Buying and maintaining affordable health insurance can seem like a daunting proposition. With so many options to choose from and countless figures associated with each policy, it can sometimes seem as though you need an M.D. simply to make sense of it all. Thankfully there are some basic tips you can use for guidance along the way.
1. Know your health. Buying health insurance is confusing enough without having to wonder what those physicals will find. If you haven't been to a clinic for a checkup in the last several years, you may want to get a detailed overview before you begin shopping. Often just by getting your blood chemistry and a few other key indicators, you can save yourself considerable time down the road.
2. If you have a pre-existing medical condition such as diabetes or hypertension, you may have trouble getting affordable health insurance. Do not give up, however – these days a number of boutique insurance companies specialize in insuring people with certain disorders. Even if you believe you will never be able to find annual fees that suit your budget, a little research is bound to discover at least one or two companies who offer a higher standard of care and support. Needless to say, you want to avoid the major insurance companies for the same reason.
3. Ask your existing doctors and specialists whether they belong to any group plans such as HMOs or PPOs. You may not have anyone in your Rolodex if you have avoided medical care during a period of unemployment, but it is always wise to look ahead and anticipate the people you expect to visit. This includes psychiatrists, chiropractors and countless other subspecialties, so make a list of your ideal caregivers. Even if you cannot think of anyone offhand, most experts recommend calling a local treatment center and seeing what kind of insurance they offer the best rates with.
4. Look for group plans, even if you're between jobs. Too many people assume that if they have lost their jobs, few options exist for affordable health care. Not so – today a growing stable of trade groups, guilds and unions have sprung up to help people who may be out of work or self-employed. It's not unusual for major insurance companies to offer outstanding rates to group plans such as these, so you may save thousands each year just by joining up. The last thing you want is to pay out of pocket just because you freelance, so look for like-minded people in your area to see what's possible.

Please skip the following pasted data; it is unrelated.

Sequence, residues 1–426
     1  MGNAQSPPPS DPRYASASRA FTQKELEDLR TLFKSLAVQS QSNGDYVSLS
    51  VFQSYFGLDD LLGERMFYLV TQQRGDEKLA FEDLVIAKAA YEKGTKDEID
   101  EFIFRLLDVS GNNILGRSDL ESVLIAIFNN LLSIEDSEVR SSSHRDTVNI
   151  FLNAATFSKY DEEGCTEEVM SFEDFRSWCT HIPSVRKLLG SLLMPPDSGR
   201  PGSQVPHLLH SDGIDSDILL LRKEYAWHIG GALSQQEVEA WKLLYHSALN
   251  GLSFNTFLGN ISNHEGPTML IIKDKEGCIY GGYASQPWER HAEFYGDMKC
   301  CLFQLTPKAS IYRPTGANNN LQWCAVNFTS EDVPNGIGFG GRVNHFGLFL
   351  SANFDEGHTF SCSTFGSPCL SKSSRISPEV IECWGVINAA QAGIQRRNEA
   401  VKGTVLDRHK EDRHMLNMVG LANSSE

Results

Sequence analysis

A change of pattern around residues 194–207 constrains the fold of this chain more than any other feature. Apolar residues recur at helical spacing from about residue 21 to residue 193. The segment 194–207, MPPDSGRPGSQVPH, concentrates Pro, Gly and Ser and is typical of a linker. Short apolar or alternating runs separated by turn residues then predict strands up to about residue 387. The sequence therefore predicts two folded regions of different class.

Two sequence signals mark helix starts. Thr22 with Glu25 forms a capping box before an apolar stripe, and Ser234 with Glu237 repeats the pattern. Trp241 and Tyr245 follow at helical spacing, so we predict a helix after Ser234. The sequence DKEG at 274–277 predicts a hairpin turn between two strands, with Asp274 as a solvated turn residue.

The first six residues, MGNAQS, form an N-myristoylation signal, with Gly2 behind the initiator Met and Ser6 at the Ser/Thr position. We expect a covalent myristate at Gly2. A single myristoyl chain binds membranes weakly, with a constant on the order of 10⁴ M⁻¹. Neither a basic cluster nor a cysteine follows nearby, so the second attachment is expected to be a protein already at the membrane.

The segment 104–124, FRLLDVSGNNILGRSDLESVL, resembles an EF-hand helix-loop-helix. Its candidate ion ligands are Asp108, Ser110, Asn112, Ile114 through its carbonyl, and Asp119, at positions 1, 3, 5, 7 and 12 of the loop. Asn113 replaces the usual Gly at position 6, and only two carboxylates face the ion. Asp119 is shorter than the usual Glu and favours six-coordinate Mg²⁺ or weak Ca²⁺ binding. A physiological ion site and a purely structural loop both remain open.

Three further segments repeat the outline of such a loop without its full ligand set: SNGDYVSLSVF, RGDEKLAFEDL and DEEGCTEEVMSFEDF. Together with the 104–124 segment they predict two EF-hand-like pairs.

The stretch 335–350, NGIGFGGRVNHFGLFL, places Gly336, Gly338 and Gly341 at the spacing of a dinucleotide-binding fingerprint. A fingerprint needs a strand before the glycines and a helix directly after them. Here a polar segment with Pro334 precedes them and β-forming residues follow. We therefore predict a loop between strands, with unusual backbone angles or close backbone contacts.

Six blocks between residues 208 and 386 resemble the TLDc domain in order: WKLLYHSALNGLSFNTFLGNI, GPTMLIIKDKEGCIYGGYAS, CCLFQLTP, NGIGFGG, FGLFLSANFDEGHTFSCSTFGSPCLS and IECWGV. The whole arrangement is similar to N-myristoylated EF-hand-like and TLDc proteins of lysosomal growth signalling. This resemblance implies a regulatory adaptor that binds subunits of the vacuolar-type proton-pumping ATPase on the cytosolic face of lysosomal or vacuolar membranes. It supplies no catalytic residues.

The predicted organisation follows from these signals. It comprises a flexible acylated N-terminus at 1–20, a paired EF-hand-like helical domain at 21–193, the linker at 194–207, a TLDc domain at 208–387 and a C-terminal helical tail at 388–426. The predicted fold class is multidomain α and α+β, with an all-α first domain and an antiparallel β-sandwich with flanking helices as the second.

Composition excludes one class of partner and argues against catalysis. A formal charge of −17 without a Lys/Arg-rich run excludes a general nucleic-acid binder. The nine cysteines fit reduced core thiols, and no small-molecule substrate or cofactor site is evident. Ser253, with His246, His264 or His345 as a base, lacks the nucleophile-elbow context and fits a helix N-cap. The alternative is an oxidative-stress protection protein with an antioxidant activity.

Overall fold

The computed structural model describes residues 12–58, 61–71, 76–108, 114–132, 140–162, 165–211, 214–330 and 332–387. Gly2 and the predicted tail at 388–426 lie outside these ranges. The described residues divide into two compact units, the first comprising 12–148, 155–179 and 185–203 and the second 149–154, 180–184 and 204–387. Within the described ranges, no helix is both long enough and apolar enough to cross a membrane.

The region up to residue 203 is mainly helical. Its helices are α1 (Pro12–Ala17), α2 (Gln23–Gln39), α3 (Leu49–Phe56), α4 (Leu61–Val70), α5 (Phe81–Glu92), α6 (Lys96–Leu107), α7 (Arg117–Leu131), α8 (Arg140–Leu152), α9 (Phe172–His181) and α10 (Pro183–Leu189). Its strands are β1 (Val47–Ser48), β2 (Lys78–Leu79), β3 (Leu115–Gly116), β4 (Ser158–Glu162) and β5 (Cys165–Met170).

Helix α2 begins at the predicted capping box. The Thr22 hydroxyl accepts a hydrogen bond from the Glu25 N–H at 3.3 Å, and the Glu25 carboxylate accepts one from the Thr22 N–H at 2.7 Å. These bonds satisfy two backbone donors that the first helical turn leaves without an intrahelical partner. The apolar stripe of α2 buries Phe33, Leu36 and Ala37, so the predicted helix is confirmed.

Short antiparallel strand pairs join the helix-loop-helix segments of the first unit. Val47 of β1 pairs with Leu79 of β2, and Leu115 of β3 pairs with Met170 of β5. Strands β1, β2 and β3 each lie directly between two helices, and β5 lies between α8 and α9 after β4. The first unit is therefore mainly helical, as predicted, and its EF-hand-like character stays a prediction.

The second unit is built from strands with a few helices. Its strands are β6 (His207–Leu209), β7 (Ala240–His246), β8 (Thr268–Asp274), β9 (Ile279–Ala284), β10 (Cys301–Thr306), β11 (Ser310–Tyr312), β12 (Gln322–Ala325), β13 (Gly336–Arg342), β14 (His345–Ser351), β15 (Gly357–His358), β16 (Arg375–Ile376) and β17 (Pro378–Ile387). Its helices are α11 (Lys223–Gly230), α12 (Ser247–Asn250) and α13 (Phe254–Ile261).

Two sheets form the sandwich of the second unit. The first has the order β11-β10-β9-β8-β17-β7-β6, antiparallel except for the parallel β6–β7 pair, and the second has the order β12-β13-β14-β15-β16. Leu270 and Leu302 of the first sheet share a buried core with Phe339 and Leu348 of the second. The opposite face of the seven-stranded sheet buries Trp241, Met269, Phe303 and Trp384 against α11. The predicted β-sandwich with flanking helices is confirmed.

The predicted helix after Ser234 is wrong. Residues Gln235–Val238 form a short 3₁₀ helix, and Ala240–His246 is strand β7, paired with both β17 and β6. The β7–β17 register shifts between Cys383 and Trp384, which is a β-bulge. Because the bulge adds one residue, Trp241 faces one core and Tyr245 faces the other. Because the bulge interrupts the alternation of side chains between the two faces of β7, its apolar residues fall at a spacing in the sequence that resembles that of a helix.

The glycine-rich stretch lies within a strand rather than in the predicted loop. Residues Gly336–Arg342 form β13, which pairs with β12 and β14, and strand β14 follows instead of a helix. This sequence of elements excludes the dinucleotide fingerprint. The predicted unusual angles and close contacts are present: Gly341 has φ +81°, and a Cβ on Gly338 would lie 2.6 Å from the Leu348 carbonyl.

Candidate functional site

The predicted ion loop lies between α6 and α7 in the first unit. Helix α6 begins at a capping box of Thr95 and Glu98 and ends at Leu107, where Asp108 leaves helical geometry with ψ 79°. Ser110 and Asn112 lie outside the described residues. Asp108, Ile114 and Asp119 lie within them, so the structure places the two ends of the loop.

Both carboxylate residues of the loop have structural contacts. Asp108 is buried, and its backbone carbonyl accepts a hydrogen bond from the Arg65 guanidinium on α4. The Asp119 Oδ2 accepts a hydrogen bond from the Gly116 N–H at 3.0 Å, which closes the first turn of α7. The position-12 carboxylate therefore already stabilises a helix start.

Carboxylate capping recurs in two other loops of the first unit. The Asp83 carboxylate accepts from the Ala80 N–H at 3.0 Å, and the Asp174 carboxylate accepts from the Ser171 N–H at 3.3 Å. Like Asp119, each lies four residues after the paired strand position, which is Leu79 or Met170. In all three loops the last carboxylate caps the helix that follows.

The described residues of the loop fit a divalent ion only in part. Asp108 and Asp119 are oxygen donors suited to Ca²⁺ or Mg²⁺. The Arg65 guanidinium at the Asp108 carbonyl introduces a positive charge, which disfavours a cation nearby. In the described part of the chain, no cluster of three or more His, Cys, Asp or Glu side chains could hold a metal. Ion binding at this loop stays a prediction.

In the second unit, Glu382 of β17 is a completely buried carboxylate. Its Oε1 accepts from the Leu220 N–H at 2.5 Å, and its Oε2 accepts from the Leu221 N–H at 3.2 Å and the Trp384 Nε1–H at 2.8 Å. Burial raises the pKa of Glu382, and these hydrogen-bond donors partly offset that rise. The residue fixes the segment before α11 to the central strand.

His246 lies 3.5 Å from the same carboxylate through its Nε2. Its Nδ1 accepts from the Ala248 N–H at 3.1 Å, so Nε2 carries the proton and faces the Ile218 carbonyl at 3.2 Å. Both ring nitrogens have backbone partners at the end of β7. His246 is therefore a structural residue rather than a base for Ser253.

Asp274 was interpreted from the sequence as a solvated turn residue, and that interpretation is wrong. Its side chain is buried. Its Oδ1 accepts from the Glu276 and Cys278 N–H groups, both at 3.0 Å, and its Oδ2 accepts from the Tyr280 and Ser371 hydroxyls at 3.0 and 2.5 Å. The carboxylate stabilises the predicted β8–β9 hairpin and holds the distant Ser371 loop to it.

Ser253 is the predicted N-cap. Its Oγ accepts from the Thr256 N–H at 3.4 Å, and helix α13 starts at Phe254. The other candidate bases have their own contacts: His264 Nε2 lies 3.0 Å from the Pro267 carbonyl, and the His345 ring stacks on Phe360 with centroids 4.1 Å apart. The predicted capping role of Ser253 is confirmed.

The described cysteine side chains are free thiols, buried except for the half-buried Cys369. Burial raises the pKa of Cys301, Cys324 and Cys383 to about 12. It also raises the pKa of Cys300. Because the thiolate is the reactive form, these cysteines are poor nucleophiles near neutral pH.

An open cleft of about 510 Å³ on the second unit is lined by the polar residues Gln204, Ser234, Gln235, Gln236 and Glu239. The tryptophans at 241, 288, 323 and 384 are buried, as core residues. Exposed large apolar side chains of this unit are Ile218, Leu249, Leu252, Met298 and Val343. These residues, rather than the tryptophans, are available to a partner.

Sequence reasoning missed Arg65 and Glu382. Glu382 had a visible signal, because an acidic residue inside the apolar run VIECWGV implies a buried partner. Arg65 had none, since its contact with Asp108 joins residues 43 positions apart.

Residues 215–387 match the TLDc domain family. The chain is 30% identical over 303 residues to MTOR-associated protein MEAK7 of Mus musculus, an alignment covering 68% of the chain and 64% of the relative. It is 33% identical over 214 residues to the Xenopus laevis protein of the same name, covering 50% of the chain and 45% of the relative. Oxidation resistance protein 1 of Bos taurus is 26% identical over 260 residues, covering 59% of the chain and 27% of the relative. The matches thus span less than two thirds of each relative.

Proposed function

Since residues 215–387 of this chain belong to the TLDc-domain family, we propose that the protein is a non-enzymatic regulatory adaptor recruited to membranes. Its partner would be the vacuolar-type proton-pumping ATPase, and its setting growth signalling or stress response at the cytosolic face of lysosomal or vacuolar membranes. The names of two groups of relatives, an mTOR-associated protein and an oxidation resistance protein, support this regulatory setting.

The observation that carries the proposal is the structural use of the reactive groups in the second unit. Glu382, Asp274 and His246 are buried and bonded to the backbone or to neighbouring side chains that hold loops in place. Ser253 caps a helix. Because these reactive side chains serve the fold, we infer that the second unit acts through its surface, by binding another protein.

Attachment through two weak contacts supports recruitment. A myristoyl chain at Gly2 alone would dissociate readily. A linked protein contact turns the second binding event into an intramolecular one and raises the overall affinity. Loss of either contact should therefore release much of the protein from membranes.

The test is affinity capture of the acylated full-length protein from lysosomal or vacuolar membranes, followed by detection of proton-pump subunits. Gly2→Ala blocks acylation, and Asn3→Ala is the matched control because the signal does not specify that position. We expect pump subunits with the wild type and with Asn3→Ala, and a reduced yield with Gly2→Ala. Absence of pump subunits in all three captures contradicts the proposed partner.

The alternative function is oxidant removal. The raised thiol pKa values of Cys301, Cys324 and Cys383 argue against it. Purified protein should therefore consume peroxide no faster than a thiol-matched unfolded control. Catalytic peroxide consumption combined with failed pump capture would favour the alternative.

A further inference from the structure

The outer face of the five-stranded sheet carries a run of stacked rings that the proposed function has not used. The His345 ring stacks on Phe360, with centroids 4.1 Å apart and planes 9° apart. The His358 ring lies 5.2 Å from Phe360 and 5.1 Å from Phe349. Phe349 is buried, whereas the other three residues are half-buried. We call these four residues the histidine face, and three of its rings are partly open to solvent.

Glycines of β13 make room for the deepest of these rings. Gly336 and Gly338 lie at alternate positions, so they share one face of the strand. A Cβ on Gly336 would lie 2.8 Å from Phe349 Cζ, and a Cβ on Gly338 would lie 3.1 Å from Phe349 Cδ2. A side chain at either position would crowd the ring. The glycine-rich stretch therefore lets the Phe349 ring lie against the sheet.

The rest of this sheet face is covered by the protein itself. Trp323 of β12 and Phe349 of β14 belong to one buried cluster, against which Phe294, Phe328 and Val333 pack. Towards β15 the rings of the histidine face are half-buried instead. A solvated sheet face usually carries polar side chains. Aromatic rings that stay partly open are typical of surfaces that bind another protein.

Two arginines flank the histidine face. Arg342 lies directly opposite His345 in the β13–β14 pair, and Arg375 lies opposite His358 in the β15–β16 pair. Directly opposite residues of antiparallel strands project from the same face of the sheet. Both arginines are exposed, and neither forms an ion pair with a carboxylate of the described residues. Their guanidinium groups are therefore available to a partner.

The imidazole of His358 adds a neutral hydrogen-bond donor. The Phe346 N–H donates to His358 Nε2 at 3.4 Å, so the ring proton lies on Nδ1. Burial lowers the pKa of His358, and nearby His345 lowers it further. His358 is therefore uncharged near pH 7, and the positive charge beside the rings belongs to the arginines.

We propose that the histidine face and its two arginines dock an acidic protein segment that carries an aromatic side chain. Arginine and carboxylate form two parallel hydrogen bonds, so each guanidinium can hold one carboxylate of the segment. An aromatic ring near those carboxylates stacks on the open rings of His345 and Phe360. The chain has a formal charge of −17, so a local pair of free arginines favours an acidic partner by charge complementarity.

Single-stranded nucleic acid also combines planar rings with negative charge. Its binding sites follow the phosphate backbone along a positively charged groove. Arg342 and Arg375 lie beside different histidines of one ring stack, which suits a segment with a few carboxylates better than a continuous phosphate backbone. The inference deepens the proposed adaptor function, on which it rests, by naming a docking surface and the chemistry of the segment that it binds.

5. Another good option if you have recently terminated at another job is to take advantage of the Consolidated Omnibus Budget Reconciliation Act, or COBRA. This legislation stipulates that employers must provide you with supplemental health insurance for up to a year after you leave the job – not a long term plan, perhaps, but a welcome buffer if you do not relish the thought of spending weeks without a safety net. Most employers will extend COBRA benefits automatically, though some may require proof of employment and recent health records. Be prepared to produce all this information if you want to avoid lag times.
6. Decide whether you want to go with a Preferred Provider Organization (PPO) or a Health Maintenance Organization (HMO). Each offers different pros and cons, but the difference boils down to a simple question of access versus cost. PPOs are popular because they allow you to seek care outside your original health network, albeit it at an increased deductible and copay. HMOs, on the other hand, only cover caregivers within the network – but they may offer significant savings if you don't foresee the need to travel outside your plan for treatment.
7. SHOP AROUND! Health insurance companies are notorious for the widely divergent algorithms they use to determine your premiums. If you are unhappy with the prices at one, be sure to collect several more estimates before you commit to any plan. It's not unusual for two companies with the same data and case history to vary as much as 50 percent from one another, so you owe it to yourself to get a boarder overview. Don't just limit yourself to major providers either – a number of low-volume insurance companies offer special deals that may benefit people in your neighborhood or profession.
8. Be sure and check the copays on any medications you are already taking. Too many people forget this step, only to find themselves astonished by their first trip to the pharmacy. You may also want to look into the difference in cost for brand-name versus generic drugs – sometimes you can find a steep discount by switching to a medication only one provider covers. When in doubt, ask a customer service professional about your precise medication and dosage, as you want to get a specific number nailed down before you sign.
9. Save by combining health care policies with family members. It is a well-known fact that married couples enjoy less expensive health care premiums than their unmarried counterparts, but you may be able to save further by putting the whole family under a single umbrella plan. Spouses and children help distribute the risk for insurance carriers, giving them greater incentive to match or beat the other estimates you have seen. You may also be able to combine health insurance with life insurance to create an overarching combined policy – again, the premiums here will inevitably drop as you fold more coverages in.
10. Take care of yourself. This is perhaps self-evident, but it remains of paramount importance to individuals who see themselves switching carriers sometime in the future. Try quitting smoking, losing weight, increasing your exercise and otherwise taking daily steps to improve your health. It is a simple fact of the insurance business that private companies work for profit – if you can minimize the risk they take in covering you, you can expect to pay far less money over the course of your lifetime.